One of my initial 30 By 30 goals was to become a sommelier (wine expert), but I really am not looking to pursue it as a career. I don’t want to spend money on actually becoming officially certified, I just want to learn more about wine. There are tons of free or inexpensive resources out there that I have found to help me do that.
Here are 10 goals I want to achieve to help to track my progress.
1. Do a Few Blind Tastings
Blind wine tasting is one sommelier skill that I may never master. But that won’t stop me from trying! I think I’ll need to do quite a few of these to get the hang of it. A blind tasting includes picking out not just the varietal, but also being able to pick out the region where it was grown, vintage, and vintner. Those are some serious skills!
Here’s a great guide I found that will get me started on hosting my own.
2. Help With A Harvest
A few of the wineries around here have the public help out with their annual harvest. Last year I wasn’t able to due to the last-minute notice given. It of course is somewhat unpredictable for the exact date that they will be harvesting. This year, I’m definitely going to reach out to see if I could get more of a heads-up for this season!
3. Focus on Pairings
I do fairly well choosing wine at restaurants to go with my meal, but I want to learn even more. I especially want to learn more about pairing wine with cheese.
Another 30 By 30 goal that I will be accomplishing this June is to cater a party for 30 people. It just so happens that the event that I am catering is a Bridal Shower at a winery. I’m crafting the menu specifically around the styles of wine available at the winery.
This will of course take some practice. I’ll be making a trip in May to pick up some wine. I might even pack a small picnic or a few cheeses to make sure I’m choosing the right flavors.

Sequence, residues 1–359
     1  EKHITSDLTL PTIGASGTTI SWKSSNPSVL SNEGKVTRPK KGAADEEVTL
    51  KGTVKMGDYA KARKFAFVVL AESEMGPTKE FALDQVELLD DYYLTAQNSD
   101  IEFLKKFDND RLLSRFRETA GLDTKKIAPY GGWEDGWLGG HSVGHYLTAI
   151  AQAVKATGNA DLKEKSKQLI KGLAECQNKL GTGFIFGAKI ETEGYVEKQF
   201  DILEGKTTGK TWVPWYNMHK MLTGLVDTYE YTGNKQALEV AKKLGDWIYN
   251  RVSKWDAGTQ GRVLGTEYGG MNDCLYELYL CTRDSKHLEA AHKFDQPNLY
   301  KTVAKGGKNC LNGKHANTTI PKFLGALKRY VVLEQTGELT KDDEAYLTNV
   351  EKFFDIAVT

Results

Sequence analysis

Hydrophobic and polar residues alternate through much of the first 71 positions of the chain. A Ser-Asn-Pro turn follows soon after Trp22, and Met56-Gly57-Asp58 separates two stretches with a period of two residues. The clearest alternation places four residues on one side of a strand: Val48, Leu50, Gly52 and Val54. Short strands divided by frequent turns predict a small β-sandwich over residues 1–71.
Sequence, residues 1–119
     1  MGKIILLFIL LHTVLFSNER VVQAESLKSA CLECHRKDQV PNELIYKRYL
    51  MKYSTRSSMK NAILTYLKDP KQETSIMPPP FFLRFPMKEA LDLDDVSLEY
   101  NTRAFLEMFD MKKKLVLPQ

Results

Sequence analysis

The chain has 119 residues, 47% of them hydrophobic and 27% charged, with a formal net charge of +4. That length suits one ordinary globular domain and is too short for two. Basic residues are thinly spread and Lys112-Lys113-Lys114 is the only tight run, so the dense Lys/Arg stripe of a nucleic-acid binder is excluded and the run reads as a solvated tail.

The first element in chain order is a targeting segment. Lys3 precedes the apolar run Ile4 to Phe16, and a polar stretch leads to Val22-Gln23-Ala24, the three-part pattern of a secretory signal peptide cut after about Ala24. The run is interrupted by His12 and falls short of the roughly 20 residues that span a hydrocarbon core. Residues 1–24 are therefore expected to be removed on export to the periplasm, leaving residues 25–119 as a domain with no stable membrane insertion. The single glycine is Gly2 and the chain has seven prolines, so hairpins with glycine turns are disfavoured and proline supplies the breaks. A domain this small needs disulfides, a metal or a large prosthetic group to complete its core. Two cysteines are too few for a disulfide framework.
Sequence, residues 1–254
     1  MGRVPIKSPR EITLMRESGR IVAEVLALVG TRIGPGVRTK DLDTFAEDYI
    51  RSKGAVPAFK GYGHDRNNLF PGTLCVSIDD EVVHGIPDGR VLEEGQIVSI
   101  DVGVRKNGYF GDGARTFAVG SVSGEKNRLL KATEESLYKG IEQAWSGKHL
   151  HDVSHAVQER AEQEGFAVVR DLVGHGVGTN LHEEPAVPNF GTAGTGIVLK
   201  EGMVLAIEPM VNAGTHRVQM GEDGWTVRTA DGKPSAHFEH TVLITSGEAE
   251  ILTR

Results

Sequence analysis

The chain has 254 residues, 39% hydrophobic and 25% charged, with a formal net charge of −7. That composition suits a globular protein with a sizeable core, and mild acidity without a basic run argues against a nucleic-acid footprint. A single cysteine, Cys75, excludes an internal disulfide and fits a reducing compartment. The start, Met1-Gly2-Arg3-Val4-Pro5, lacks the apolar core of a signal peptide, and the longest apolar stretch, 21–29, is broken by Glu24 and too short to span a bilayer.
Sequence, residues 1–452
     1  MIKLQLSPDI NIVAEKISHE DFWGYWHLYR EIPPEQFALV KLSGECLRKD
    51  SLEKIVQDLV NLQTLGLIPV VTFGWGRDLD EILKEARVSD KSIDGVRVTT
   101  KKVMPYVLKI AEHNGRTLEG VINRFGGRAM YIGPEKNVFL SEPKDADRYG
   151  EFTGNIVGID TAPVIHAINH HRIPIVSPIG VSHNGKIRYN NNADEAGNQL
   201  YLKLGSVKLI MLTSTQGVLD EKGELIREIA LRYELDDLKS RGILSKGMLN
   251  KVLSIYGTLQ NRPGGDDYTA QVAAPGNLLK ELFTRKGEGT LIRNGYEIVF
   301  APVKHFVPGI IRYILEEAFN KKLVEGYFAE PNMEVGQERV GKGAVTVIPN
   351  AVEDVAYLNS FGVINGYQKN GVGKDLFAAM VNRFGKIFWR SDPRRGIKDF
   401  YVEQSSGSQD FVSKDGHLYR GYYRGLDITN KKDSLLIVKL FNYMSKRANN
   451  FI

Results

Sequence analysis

4. Explore the Lesser-Known Varietals
I’ve tried all the basics (many times), but I am amazed that there are so many varietals that I had never heard of. And yes, I want to try them ALL. I really want to try Tokaji Aszu, a Hugarian Dessert Wine; and St Laurent, an Austrian wine similar to Pinot Noir.
5. Purchase More Wine Glasses
I have a few wine glasses, but only 2 types that are specifically designed for certain types of wine. And, I really only use one kind for nearly any kind of wine that I might be drinking at the moment. Riedel makes glasses specifically made for different varietals. I would love to try them all, but I’ll start with one! Now to decide which one that will be….
6. Hang Out With the Local Wine Club
Indy has a wine club! Indy Wine Infusion has quite a few meet-ups each month. I joined the Meet Up group a few months ago but haven’t been able to make it to an event yet. This is a must!
7. Explore the Indiana Wine Trails
There are multiple wine trails in Indiana. I’ve known about the Indy Wine Trail for a while, but I recently realized there are a whole slew of trails! While it isn’t Bordeaux or even Napa Valley, there is still plenty to be learned from these vintners.
8. Buy a Decanter (And Learn How to Use It!)
This article has a great outline of when and how to decant wine. I have a few bottles on the shelf that I have to make a conscious effort not to open yet because they haven’t reached their peak.
9. Subscribe to Wine Spectator and Wine Enthusiast
Wine Spectator is a bit more of an investment than most magazines, but it is one of the most renowned US (if not international?) publications on wine. Wine Enthusiast also has a tasting app. I had completely forgotten that I had already downloaded it! I should put this to use the next time I’m picking out a glass for dinner somewhere or a bottle for home!
10. Read The Sommelier’s Guide to Wine
So far I’m on page 19, and this book has some really good basic information. It is great for a beginner looking to learn more about wine, but I think Wine Folly has even more detailed information than this book. But, it never hurts to go back to the basics to make sure there aren’t any key details missed along the way!